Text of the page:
Dude, where's my code?
Compilers are computer programs that translate high-level instructions written in human-readable languages like Java or C into low-level instructions that machines can execute. Most compilers also streamline the code they produce, modifying algorithms specified by programmers so that they'll run more efficiently.
Sometimes that means simply discarding lines of code that appear to serve no purpose. But as it turns out, compilers can be overaggressive, dispensing not only with functional code but also with code that actually performs vital security checks.
At the ACM Symposium on Operating Systems Principles in November, MIT researchers will present a new system, dubbed Stack, that automatically combs through programmers' code, identifying just those lines that compilers might discard but which could, in fact, be functional. Although the paper hasn't appeared yet, commercial software engineers have already downloaded Stack and begun using it, with encouraging results.
As strange as it may seem to nonprogrammers—or people whose only experience with coding is on small, tightly managed projects—large commercial programs are frequently full of instructions that will never be executed, known as "dead code." When hundreds of developers are working on an application with millions of lines of code that have been continually revised for decades, one of them may well end up inserting a seemingly innocuous condition that ensures that a function thousands of lines away, written by someone else, never gets executed. Dead code is ubiquitous, and compilers should remove it.
Problems arise when compilers also remove code that leads to "undefined behavior." "For some things this is obvious," says Frans Kaashoek, the Charles A. Piper Professor in the Department of Electrical Engineering and Computer Science (EECS). "If you're a programmer, you should not write a statement where you take some number and divide it by zero. You never expect that to work. So the compiler will just remove that. It's pointless to execute it anyway, because there's not going to be any sensible result."
Over time, however, "compiler writers got a little more aggressive," Kaashoek says. "It turns out that the C programming language has a lot of subtle corners to the language specification, and there are things that are undefined behavior that most programmers don't realize are undefined behavior."
A classic example, explains Xi Wang, a graduate student in EECS and first author on the new paper, is the assumption that if a program attempts to store too large a number at a memory location reserved for an integer, the computer will lop off the bits that don't fit. "In machines, integers have a limit," Wang says. "Whenever you exceed that limit, the input value basically wraps around to a smaller value."
Seasoned C programmers will actually exploit this behavior to verify that program inputs don't exceed some threshold. Rather than writing a line of code that, say, compares the sum of two numbers to the known threshold for an integer ("if a + b < int_max"), they'll check to see whether the sum of the numbers is smaller than one of the addends ("if a + b > a")—whether, that is, the summation causes the integer to wrap around to a smaller value.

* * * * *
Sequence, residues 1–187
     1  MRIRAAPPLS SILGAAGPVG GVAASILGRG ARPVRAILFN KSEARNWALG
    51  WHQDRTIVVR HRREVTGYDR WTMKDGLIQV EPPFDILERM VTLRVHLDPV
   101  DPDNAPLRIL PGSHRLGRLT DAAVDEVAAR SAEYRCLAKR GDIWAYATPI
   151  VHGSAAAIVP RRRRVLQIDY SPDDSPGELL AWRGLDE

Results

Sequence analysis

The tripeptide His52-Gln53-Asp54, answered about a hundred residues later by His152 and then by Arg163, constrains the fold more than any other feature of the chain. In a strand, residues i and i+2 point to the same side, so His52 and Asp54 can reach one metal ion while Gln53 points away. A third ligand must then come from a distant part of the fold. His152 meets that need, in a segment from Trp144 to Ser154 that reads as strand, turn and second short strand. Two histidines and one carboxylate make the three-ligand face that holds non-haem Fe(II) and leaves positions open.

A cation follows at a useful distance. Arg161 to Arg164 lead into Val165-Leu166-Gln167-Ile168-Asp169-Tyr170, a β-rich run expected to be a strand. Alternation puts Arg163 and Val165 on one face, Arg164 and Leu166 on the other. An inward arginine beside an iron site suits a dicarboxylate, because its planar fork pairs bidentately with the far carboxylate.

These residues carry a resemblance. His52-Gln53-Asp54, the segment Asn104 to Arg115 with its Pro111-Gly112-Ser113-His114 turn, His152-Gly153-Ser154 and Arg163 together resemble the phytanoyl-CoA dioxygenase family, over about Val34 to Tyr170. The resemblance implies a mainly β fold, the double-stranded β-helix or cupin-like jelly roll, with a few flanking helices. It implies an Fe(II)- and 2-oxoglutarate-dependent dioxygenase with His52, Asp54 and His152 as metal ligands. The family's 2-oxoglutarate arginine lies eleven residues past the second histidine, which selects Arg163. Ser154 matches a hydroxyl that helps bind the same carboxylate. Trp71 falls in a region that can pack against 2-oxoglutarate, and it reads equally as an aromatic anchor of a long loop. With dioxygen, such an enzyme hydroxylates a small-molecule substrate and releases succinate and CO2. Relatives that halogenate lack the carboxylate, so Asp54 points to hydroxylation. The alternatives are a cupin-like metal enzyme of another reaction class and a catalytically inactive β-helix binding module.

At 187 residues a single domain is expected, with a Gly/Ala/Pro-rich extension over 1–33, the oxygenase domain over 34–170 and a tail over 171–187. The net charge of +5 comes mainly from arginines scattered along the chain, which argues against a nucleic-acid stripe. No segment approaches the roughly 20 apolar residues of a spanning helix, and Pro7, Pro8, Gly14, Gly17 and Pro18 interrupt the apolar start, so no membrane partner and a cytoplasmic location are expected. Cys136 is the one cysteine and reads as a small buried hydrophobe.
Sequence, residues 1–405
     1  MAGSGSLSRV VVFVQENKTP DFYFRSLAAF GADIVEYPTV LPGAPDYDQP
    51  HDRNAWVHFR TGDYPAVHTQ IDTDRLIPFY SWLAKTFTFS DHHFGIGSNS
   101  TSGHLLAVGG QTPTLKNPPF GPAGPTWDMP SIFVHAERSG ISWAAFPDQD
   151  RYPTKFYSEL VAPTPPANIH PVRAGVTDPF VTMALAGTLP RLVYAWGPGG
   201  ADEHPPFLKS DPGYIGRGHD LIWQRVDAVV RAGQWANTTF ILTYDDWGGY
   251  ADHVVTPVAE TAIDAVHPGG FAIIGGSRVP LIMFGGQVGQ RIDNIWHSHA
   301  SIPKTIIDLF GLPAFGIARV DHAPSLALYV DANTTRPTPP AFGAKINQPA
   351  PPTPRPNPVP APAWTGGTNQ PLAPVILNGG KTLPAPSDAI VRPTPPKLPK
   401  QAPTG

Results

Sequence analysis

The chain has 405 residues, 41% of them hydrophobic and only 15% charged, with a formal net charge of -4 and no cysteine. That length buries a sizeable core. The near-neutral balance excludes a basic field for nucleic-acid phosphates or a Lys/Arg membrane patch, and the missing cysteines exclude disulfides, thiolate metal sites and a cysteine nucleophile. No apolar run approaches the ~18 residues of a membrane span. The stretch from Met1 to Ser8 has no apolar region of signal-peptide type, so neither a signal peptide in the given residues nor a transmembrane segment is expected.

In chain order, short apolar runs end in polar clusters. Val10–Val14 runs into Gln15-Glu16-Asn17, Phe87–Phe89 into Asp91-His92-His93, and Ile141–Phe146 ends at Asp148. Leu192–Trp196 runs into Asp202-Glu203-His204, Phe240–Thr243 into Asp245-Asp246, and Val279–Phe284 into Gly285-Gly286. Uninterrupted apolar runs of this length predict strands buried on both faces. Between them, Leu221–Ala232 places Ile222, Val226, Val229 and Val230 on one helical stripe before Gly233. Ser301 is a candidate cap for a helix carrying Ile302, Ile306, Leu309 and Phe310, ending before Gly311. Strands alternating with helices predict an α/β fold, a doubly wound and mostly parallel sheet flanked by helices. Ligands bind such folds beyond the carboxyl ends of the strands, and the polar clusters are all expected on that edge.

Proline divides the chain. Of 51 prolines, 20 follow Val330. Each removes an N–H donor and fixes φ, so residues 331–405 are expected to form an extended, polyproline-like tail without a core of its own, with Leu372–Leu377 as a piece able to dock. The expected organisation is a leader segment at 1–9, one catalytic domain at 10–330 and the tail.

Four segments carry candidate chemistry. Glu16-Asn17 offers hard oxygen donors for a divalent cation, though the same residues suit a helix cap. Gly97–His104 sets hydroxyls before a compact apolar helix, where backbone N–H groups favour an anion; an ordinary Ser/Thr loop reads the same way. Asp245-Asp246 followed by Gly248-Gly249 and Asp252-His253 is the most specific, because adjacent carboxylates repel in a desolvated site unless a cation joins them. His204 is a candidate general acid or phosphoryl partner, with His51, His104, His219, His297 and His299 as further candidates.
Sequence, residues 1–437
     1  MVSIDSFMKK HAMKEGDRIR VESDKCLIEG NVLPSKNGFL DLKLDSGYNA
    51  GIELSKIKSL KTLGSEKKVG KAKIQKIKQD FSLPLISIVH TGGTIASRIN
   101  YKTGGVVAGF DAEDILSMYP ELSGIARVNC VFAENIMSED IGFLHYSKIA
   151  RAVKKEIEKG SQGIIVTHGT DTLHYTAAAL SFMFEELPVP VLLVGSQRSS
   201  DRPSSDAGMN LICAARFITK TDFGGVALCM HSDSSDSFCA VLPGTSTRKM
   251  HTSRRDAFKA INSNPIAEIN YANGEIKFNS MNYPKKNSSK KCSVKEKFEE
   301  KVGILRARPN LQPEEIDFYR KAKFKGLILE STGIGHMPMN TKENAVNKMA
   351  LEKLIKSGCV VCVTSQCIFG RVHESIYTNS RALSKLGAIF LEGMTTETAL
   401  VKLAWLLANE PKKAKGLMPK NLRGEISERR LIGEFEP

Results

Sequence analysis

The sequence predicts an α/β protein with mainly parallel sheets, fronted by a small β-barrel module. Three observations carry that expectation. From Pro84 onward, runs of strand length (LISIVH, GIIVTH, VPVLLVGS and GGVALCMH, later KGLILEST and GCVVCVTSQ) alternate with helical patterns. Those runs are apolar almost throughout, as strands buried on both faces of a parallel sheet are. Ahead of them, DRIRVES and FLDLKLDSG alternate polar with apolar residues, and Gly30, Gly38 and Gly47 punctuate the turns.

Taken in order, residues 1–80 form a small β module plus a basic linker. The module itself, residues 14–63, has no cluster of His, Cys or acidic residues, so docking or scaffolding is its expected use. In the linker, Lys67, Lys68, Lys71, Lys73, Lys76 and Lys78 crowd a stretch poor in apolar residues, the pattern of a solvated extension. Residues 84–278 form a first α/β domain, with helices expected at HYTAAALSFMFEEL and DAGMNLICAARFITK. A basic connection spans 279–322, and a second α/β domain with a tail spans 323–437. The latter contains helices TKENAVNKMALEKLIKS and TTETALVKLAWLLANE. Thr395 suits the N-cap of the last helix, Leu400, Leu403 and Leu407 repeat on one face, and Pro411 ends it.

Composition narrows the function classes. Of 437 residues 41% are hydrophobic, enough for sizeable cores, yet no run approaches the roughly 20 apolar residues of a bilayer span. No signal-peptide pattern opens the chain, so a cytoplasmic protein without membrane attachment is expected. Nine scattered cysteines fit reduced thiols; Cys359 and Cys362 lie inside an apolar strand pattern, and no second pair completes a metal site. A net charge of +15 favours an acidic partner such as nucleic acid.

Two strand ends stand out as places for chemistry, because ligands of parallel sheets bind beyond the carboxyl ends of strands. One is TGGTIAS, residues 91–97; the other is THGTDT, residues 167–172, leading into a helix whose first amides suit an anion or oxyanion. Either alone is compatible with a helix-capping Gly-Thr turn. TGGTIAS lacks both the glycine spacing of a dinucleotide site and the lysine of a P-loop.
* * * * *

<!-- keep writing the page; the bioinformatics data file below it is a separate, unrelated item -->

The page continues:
According to Wang, programmers give a range of explanations for this practice. Some say that the intent of the comparison—an overflow check—is clearer if they use integer wraparound; others say that the wraparound comparison executes more efficiently than the more conventional comparison; and some maintain that it avoids cluttering up their code with unneeded terminology (like "int_max"). But whatever the reason, while the wraparound check works fine with unsigned integers—integers that are always positive—it is, according to the C language specification, undefined for signed integers—integers that can be either positive or negative.
As a consequence, some C compilers will simply discard the wraparound comparison. And sometimes, that can mean dispensing with a security check that guarantees the program's proper execution.
The fine print
Complicating things further is the fact that different compilers will dispense with different undefined behaviors: Some might permit wraparound checks but prohibit other programming shortcuts; some might impose exactly the opposite restrictions.
So Wang combed through the C language specifications and identified every undefined behavior that he and his coauthors—Kaashoek and his fellow EECS professors Nickolai Zeldovich and Armando Solar-Lezama—imagined that a programmer might ever inadvertently invoke. Stack, in effect, compiles a program twice: once just looking to excise dead code, and a second time to excise dead code and undefined behavior. Then it identifies all the code that was cut the second time but not the first and warns the programmer that it could pose problems.
The MIT researchers tested their system on several open-source programs. In one case, the developers of a program that performs database searches refused to believe that their code had bugs, even after they'd examined the instructions flagged by Stack. "Xi sent them a one-line SQL statement that basically crashed their [application], by exploiting their 'correct' code," Kaashoek says.
Mattias Engdegård, an engineer at Intel, is one of the developers who found Stack online and has already applied it to his company's code. "Stack is very carefully designed to have a very low false-positive ratio," Engdegård says. Nonetheless, "it found some errors that no other static-analysis tool had found before," he says, resulting in "one or two dozens of instances of code changes."
"This could be some kind of harbinger of things to come," Engdegård adds. "I think static analyzers are going to focus on these sort of things in the future."
The paper is titled "Towards Optimization-Safe Systems: Analyzing the Impact of Undefined Behavior."